A brief, multimodal psychosocial intervention for caregivers of patients undergoing hematopoietic stem cell transplantation could improve their quality of life, caregiving burden and anxiety and depression symptoms.
A brief, multimodal psychosocial intervention for caregivers of patients undergoing hematopoietic stem cell transplantation (HCT) could improve their quality of life (QOL), caregiving burden and anxiety and depression symptoms, as well as their self-efficacy and coping skills, according to study findings published in Cancer.
“Before HCT, caregivers experience immense psychological distress as they prepare for their loved ones’ hospitalization for HCT and cope with the uncertainty of the patients’ prognosis,” the researchers explained. “During HCT, caregivers’ distress remains elevated as their loved ones receive high-dose chemotherapy associated with multiple toxicities, physical symptoms and a prolonged hospitalization. Finally, in the months after HCT, caregivers manage ongoing physical symptoms, attend multiple outpatient appointments, and navigate complex medication schedules while coping with the uncertainty of the illness.”
As a result, this burden negatively affects their quality of life, highlighting a need for intervention.
Therefore, the researchers conducted a an unblinded, randomized trial of a psychosocial intervention (BMT-CARE) for caregivers of patients who are undergoing autologous and allogeneic HCT at Massachusetts General Hospital. Caregivers were randomized to receive either usual care plus BMT-CARE — which was a tailored intervention aligned with the HCT trajectory, integrating treatment-related education and self-care with cognitive-behavioral skills to promote coping — or just usual care.
“Skills are uniquely tailored to expected challenges along the transplant continuum and include the following essential components: education to address preparedness, manage expectations, and develop caregiving skills such as symptom and medication management, mobilization of social supports, and assessment of post-discharge needs during the HCT course; cognitive-behavioral skills—based strategies to facilitate effective coping, cognitive reframing, mindfulness, communication, and acceptance while one is living with uncertainty; and behavioral strategies for self-care to promote caregiver physical and mental health,” the researchers explained.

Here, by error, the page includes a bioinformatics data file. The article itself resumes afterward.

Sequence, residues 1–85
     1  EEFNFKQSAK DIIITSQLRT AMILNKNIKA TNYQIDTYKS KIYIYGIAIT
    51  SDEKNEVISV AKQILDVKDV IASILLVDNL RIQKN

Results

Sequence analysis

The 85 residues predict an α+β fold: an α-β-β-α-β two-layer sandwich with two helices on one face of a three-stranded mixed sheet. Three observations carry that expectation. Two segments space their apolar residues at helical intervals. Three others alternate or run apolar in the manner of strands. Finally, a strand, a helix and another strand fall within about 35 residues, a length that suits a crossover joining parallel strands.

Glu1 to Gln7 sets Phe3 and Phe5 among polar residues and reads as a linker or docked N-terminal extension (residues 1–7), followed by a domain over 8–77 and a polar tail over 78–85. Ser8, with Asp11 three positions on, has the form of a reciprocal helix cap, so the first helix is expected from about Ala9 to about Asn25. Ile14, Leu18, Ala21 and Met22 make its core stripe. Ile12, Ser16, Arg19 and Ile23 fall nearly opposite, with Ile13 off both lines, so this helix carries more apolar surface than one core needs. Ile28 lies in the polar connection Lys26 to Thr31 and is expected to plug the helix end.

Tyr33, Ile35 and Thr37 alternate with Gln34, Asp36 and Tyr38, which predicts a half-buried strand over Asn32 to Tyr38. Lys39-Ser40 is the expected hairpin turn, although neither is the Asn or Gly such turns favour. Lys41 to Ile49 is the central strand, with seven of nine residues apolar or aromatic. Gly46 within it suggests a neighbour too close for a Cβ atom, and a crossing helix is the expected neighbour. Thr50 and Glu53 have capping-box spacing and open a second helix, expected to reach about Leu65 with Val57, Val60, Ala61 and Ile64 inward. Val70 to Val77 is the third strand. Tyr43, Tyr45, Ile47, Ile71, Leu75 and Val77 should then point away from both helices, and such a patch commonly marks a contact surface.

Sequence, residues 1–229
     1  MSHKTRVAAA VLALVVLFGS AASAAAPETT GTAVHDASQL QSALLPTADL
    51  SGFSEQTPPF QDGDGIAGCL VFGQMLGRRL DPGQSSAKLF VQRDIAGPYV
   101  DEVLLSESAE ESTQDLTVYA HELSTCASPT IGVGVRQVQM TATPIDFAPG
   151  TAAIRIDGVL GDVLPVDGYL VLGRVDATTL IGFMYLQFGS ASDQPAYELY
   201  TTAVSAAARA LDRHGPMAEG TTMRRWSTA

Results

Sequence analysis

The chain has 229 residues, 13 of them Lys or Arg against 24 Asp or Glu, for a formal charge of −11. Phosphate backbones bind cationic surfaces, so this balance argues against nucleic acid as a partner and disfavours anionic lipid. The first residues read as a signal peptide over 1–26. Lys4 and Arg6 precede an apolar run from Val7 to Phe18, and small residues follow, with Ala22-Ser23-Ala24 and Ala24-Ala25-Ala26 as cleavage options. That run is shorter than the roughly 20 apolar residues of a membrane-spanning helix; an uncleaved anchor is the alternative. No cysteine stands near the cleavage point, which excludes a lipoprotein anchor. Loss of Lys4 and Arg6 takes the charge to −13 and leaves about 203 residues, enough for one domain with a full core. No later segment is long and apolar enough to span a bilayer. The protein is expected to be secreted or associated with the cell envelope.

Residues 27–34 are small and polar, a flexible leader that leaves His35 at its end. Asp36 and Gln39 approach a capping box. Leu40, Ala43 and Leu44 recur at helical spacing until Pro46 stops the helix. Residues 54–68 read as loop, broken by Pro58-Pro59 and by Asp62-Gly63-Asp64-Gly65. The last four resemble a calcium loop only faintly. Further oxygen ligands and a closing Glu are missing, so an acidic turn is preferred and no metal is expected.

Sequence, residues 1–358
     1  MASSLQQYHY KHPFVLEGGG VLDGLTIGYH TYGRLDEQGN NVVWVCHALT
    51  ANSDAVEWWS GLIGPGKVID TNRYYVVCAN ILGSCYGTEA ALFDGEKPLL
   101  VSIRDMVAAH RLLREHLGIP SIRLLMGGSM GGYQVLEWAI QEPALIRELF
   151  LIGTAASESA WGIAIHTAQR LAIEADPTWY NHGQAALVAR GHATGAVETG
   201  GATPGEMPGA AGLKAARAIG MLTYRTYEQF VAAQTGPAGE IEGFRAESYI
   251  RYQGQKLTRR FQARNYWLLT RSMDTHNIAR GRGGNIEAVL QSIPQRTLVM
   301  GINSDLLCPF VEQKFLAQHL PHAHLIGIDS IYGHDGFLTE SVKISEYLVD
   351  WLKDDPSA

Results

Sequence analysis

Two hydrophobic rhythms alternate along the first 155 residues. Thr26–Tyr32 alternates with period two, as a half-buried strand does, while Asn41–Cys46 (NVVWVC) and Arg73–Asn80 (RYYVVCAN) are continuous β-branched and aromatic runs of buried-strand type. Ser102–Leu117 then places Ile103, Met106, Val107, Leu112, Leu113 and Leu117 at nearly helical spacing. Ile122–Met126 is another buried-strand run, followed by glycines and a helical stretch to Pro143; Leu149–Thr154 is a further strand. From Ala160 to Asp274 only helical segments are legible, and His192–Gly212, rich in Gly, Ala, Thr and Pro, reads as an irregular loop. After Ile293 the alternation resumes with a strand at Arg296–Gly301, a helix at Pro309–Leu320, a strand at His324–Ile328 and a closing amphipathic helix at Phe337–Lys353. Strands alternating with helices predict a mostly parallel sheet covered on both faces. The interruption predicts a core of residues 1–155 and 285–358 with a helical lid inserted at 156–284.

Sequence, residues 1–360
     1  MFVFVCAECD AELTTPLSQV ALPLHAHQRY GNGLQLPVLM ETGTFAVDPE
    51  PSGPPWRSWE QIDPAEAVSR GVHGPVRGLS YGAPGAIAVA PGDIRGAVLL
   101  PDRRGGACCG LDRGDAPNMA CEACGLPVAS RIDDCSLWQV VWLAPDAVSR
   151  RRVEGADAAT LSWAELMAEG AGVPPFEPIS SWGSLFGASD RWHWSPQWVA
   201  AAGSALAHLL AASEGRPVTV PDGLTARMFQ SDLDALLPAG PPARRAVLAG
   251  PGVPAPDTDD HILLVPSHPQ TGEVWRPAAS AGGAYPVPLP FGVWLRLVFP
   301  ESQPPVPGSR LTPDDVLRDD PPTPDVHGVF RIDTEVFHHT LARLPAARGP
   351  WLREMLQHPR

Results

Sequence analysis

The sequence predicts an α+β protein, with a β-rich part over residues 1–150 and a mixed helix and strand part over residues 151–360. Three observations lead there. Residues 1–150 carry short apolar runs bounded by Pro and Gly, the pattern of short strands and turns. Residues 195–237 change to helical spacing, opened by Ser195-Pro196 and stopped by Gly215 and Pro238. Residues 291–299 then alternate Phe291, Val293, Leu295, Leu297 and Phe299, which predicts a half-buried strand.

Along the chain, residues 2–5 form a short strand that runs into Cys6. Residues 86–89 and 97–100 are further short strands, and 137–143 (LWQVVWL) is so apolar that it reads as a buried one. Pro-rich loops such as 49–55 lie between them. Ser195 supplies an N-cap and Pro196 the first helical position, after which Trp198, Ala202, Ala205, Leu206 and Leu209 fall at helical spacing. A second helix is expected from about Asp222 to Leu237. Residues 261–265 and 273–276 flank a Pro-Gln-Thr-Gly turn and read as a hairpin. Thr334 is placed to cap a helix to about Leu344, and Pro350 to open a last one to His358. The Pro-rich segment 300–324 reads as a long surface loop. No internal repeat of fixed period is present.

They aimed to determine the feasibility of the intervention, which the researchers defined as at least 60% of eligible caregivers enrolling in it and completing 50% or more of the intervention sessions. In addition, they assessed caregiver QOL, burden, psychological distress, self-efficacy and coping measures at baseline, as well as 30 and 60 days after their loved one underwent HCT.
Usual care includes meetings with the transplant social worker once before HCT to address any issues or concerns. With BMT-CARE, caregivers met with a psychologist or social worker either in person, by telephone or through a video conference for six sessions (four weekly and two semimonthly individual sessions, lasting approximately one hour each).
“Importantly, approximately half of the BMT-CARE intervention sessions took place over the telephone or via video conferencing, which allows for a more scalable and potentially disseminable intervention delivery model,” the researchers noted.
In addition, each caregiver was given a BMT-CARE workbook that included in-session and at-home practice exercises to facilitate learning and skill acquisition. The first session started before HCT and continued up to 60 days after transplantation.
Of the 100 eligible caregivers enrolled, 80% attended at least half, if not more, of the intervention sessions.
Caregivers who were randomized to BMT-CARE reported having improved QOL, caregiving burden, lower anxiety and depression symptoms, and improved self-efficacy and coping skills compared with caregivers in the usual-care group.
“These encouraging findings warrant further testing in a multisite, randomized clinical trial,” the researchers concluded. "... Future studies to examine the effect of BMT-CARE on patient outcomes and to explore potential mediators of the intervention effects on caregivers’ psychological distress and caregiving burden are warranted.”